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Paris Commune

Letters to the Editors: Socialists and the State

 We have received the following letter from a Southampton reader. Our reply follows.

    August 22nd, 1937.

Dear Sir,

Democracy and Dictatorship in Russia

 The unflagging interest in Russian conditions is forcing a wider discussion of the implications of Socialism. On the one hand the 100 per cent. Bolsheviks, as they style themselves, accept everything done by the Soviet Government as the best of all policies, and invite the rest of workers of the world to follow out the same policy. On the other hand, the open enemies of the workers, together with the more insidious agents bought by the master class, claim that everything the Bolsheviks have done is wrong and opposed to progress, liberty, and the rest of the cant phrases of our masters.

 The leaders and supporters of Bolshevism, however, are attempting to defend in discussion many of their methods which cannot be justified from the Socialist standpoint. These methods, viewed in the light of what limited knowledge the “freedom of the Press” allows us, seem to to be due to—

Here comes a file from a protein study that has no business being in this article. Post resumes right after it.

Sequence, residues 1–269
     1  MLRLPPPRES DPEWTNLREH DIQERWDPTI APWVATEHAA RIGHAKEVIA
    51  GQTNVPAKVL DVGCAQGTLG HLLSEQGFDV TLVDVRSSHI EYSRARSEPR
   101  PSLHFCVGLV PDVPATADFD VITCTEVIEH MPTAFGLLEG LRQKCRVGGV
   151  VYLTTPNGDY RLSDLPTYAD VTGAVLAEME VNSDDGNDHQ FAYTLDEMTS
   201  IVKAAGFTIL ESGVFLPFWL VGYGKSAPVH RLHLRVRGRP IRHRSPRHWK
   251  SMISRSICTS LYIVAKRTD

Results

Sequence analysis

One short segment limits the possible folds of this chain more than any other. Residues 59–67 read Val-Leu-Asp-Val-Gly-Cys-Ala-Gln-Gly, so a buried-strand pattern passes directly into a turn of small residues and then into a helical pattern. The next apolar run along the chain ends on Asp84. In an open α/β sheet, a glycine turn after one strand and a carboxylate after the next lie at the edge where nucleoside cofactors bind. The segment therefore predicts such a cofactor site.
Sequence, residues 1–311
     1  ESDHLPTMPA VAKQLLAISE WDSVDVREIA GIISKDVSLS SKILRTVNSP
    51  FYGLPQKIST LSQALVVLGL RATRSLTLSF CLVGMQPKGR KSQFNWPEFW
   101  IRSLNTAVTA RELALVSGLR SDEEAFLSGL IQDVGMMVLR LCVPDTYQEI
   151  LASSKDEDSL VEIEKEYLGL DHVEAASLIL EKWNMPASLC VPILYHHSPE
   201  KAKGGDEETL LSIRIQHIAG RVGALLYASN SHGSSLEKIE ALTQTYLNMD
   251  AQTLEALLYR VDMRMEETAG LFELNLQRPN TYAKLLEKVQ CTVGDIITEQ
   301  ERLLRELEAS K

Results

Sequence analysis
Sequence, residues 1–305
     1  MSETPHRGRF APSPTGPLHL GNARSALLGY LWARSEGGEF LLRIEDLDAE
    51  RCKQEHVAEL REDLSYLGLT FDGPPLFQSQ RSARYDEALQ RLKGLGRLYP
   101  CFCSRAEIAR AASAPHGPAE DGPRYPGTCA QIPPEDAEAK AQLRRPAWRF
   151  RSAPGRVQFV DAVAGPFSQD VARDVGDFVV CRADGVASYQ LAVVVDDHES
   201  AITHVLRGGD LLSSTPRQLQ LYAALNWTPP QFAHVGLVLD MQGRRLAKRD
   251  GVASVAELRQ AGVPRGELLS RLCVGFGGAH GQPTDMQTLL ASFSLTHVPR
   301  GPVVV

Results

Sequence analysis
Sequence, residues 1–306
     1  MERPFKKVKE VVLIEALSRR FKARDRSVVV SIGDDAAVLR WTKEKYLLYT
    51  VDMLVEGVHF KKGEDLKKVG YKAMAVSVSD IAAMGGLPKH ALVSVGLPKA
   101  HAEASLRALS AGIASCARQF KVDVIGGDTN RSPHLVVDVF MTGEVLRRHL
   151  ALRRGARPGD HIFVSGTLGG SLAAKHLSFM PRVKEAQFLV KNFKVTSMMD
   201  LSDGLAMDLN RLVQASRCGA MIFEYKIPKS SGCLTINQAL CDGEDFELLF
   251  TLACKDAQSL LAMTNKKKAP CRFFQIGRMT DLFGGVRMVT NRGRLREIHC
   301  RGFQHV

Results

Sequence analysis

Capitalist intervention and counter-revolution.

Russia 1917: As We Saw It

It was not until August 1918 that the Socialist Standardoffered a considered opinion, and only on the basis of the incomplete information then available, on the Bolshevik seizure of power in a 3,500 word article entitled 'The Revolution in Russia. Where it Fails'. Even if it represented a worker's takeover like the 1871 Paris Commune it was not and could not have been a socialist revolution.

What justification is there, then, for terming the upheaval in Russia a Socialist Revolution? None whatever beyond the fact that the leaders in the November movement claim to be Marxian Socialists. M. Litvinoff practically admits this when he says (p.37):

“In seizing the reigns of power the Bolsheviks were obviously playing a game with high stake. Petrograd had shown itself entirely on their side. To what extent would the masses of the proletariat and the peasant army in the rest of the country support them?”

The Last Meeting of The Commune

By Édouard Vaillant.

       In 1908 Vaillant gave the following account of the last assembly of the remnant of the Commune on May 27th, 1871 at Belleville, a working- class quarter of Paris.
      The details of that meeting are very little known, and a description by one of the actors in that last episode of Bloody Week will therefore be read with lively interest.

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